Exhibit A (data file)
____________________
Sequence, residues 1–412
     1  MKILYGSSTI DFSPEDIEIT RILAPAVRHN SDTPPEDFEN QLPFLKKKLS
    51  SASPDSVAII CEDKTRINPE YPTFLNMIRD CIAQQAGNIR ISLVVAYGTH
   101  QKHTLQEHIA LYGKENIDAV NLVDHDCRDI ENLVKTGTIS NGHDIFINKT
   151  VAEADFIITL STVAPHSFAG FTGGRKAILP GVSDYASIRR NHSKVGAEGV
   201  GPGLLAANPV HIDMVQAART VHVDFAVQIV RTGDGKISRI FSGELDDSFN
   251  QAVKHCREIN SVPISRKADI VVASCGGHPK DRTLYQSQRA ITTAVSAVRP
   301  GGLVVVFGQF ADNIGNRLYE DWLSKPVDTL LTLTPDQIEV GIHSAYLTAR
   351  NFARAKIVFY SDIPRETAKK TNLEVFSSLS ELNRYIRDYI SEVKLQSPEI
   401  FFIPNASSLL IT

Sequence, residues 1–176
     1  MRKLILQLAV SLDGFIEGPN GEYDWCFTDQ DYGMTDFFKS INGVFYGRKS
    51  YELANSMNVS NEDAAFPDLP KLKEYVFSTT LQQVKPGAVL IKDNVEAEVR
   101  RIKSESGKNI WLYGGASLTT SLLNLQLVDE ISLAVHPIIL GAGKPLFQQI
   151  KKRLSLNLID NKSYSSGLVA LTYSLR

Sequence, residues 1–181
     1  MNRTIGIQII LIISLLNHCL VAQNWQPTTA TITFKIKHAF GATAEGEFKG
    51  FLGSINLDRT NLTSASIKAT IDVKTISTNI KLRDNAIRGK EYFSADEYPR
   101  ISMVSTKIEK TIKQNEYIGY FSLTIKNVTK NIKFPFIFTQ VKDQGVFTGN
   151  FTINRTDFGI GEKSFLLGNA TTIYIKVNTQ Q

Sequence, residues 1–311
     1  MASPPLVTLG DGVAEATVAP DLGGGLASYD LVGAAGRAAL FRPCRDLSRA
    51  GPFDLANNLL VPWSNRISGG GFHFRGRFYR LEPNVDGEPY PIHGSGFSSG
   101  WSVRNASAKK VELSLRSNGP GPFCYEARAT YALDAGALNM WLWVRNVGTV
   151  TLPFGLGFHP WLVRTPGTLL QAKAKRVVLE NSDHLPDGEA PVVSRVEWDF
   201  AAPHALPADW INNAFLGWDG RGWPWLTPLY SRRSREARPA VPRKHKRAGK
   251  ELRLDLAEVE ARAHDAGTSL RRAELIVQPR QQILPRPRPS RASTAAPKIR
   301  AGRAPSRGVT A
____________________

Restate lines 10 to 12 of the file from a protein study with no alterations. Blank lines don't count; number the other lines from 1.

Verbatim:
   401  FFIPNASSLL IT

Sequence, residues 1–176
     1  MRKLILQLAV SLDGFIEGPN GEYDWCFTDQ DYGMTDFFKS INGVFYGRKS